The HEALS Act also included a new streamlined small business loan forgiveness program, but it is not a part of the skinny relief bill.
Many business owners have been demanding an extension of the PPP because they’re concerned about the economic impact the coronavirus pandemic could have on their operations this fall and winter, when more people are expected to be infected by COVID-19 and businesses could be forced once again to shut down.
The bill also supports a major priority for senate majority leader Mitch McConnell. He is pushing for liability protection for businesses, schools, county employers and other organizations if people come down with COVID-19 because they work for them or visit them. The proposed Senate skinny bill includes language that is similar to that from the Safeguarding America’s Frontline Employees to Offer Work Opportunities Required to Kickstart the Economy (Safe to Work) Act, which was also included in the HEALS Act. Basically, the legislation would make it harder for people to sue organizations if they come down with COVID-19 while on site.
Economic relief for the unemployed
The Delivering Immediate Relief Act provides for an added $300 per week in federal unemployment benefits, which is down from the additional $600 per week people were receiving until August, but more than they’re getting now. It is also more than the $200 unemployment insurance enhancement that was proposed in the HEALS Act. The $300 figure is in alignment with the extension of federal aid president Trump directed in an executive order back in August. The enhanced unemployment benefits would stay in effect through December 2020.
Support for the United States Postal Service
The skinny bill also includes $10 billion in aid to help the U.S. Postal Service (USPS) with its budget issues so it can deal with the expected increase in demand in handling mail-in ballots through the upcoming election. (This is $15 billion less than a comparable Democratic bill introduced in the U.S. House of Representatives. The House bill also prevents any operational changes at the postal service until after the election.)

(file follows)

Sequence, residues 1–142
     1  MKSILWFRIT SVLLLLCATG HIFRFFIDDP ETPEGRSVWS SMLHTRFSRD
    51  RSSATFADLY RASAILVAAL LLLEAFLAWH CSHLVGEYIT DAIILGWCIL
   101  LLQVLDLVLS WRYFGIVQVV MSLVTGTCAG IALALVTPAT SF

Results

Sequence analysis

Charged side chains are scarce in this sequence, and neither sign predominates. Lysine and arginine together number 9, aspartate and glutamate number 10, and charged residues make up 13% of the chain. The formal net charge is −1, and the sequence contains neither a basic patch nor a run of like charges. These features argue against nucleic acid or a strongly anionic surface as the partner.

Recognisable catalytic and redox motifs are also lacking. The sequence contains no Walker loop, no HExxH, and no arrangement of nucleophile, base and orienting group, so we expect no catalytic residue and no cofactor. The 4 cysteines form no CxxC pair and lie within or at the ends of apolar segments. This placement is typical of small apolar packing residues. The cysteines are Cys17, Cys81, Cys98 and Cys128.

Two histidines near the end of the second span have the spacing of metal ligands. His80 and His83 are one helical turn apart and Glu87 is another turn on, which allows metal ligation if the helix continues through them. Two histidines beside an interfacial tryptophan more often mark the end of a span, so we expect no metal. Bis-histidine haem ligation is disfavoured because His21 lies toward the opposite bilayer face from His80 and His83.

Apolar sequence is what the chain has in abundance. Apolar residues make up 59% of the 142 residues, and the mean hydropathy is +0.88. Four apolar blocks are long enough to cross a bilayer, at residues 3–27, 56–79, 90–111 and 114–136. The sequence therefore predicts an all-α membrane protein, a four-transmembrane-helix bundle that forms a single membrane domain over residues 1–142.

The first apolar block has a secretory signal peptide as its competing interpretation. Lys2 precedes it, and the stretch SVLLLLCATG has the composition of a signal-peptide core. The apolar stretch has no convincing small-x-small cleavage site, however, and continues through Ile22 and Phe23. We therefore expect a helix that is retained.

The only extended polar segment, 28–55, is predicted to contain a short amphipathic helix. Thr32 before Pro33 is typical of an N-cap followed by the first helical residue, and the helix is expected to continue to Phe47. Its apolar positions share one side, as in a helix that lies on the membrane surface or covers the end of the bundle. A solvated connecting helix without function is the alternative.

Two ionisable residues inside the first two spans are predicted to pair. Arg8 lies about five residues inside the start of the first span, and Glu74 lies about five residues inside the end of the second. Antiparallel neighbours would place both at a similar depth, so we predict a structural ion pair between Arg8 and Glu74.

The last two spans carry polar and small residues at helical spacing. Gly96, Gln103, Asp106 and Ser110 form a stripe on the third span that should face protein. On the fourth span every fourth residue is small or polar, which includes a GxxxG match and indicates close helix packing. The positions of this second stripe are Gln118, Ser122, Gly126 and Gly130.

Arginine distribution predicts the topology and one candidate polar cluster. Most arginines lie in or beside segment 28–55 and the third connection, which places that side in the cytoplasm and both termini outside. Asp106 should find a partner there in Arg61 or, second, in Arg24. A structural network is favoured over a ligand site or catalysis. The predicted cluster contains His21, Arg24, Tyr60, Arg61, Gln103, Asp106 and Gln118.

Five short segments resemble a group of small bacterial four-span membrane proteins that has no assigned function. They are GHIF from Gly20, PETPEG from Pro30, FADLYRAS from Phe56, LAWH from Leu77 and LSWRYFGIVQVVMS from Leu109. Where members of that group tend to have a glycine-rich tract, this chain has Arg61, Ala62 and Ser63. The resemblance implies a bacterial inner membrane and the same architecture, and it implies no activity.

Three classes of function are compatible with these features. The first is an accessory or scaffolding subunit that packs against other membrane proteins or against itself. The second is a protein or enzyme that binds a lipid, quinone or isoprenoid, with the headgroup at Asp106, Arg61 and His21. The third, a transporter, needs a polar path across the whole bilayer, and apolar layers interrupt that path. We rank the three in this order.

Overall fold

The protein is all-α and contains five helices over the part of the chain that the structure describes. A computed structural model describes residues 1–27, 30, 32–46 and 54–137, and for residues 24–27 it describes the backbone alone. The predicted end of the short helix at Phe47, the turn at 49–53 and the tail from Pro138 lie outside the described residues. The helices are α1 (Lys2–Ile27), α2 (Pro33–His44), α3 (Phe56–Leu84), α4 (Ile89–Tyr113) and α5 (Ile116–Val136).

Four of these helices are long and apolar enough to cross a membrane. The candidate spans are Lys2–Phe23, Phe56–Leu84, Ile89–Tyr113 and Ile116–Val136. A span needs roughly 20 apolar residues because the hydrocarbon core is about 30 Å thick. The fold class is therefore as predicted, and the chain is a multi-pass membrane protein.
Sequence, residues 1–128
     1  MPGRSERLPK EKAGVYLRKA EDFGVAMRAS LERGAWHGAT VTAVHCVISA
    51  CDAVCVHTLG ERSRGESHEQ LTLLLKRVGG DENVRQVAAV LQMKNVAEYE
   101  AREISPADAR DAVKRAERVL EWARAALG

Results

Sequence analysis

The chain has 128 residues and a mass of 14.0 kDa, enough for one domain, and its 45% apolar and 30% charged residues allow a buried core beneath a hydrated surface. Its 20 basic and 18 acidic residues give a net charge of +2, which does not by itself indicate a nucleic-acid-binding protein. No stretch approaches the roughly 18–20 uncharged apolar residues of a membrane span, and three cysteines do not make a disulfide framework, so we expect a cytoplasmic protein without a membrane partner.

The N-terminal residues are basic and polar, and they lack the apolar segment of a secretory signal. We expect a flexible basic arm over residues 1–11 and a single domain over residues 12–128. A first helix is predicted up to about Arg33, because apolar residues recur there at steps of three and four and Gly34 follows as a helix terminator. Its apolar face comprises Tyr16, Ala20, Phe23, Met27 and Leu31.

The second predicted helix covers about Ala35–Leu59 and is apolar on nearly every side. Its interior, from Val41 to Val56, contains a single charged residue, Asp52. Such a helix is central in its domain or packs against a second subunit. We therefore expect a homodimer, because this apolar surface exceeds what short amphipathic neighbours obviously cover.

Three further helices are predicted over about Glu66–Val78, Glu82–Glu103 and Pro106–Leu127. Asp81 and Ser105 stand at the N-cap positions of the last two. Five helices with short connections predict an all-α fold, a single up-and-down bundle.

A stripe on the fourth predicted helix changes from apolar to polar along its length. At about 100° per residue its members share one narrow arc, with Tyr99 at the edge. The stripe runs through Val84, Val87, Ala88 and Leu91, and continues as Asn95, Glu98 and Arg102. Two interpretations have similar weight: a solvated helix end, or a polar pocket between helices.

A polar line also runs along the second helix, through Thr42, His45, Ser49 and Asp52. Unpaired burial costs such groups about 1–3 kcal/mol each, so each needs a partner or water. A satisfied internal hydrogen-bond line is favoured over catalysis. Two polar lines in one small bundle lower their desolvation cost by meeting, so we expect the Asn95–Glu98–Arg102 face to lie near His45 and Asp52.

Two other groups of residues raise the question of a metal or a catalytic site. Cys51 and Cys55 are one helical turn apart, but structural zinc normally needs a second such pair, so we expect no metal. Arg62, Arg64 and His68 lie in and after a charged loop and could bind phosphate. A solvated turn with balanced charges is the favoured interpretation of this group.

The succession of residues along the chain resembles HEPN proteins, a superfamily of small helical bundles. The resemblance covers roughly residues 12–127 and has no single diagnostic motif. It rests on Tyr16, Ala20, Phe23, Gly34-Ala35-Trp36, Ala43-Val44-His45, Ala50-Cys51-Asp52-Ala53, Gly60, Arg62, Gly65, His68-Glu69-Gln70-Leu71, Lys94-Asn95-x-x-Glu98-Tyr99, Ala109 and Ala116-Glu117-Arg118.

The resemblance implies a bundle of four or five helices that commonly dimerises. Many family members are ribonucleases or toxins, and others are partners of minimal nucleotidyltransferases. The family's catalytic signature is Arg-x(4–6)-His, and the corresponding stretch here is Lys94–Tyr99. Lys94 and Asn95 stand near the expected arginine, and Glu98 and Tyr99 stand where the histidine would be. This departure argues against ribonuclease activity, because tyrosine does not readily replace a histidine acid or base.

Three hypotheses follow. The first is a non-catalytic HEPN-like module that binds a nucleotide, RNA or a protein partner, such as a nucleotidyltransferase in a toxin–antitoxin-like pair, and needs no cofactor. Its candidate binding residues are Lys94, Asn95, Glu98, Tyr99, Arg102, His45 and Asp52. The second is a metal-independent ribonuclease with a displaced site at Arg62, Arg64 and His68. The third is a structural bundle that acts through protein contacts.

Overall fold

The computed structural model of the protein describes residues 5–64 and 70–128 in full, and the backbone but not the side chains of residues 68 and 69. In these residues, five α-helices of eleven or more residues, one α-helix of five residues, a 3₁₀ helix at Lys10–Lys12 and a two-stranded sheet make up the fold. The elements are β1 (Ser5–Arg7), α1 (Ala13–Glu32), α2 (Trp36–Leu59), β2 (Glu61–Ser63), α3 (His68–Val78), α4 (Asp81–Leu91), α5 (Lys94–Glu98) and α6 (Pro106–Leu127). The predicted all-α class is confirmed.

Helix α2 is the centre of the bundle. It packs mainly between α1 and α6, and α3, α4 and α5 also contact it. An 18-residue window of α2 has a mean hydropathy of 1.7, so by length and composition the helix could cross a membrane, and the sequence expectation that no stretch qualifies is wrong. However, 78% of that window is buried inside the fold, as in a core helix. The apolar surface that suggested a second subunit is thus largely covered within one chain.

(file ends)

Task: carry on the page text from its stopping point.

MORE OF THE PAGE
What the skinny bill leaves out
Some popular initiatives NOT in the skinny stimulus package include another round of economic stimulus checks to the public along with rent and mortgage assistance for people who can’t afford to stay in their homes because of pandemic related work issues.
It also provides little in federal government aid to states and local governments that have become cash strapped because of unexpected pandemic related spending. The last time states and localities received any coronavirus financial support was through the $150 billion Coronavirus Relief Fund (CRF), which was part of the original CARES Act. This omission is despite the fact that county governments could face more than $200 billion in shortfalls because of the pandemic through fiscal year 2021. (The earlier HEALS Act had allocated some funding to local governments.)
By way of comparison, the new bill provides half the funding of previous GOP proposals and trillions of dollars less than the HEROES Act passed by House Democrats several months ago. Neither of these bills were signed into by president Trump.
The response to the Delivering Immediate Relief Act on capitol hill
Republicans are in favor of the skinny bill because it:
- Provides aid to Americans who are out of work because of the pandemic.
- Supports small business owners facing challenges.
- Supplies critical resources to prevent the spread of COVID-19.
Democrats, lead by House Speaker Nancy Pelosi, believe the skinny bill is inadequate and consider it a half measure that will make little difference over the long term. They also think it’s too late for any limited measures to significantly impact the economy and that the HEROES act put forth by Democrats months ago is more in line with what’s needed now. Democrats also object to the fact that the bill does not include any significant state or local aid, which is badly needed by many areas represented by them.
The reality is that most local and state governments and businesses are currently planning next year’s budgets and basing them on no additional federal government aid. Many experts acknowledge that the proposals currently being considered by Congress could be pre-election posturing and that no real support may come through until after the election in November.
Stay tuned. Biz2Credit is committed to providing you with the latest information on stimulus initiatives that could impact small business owners.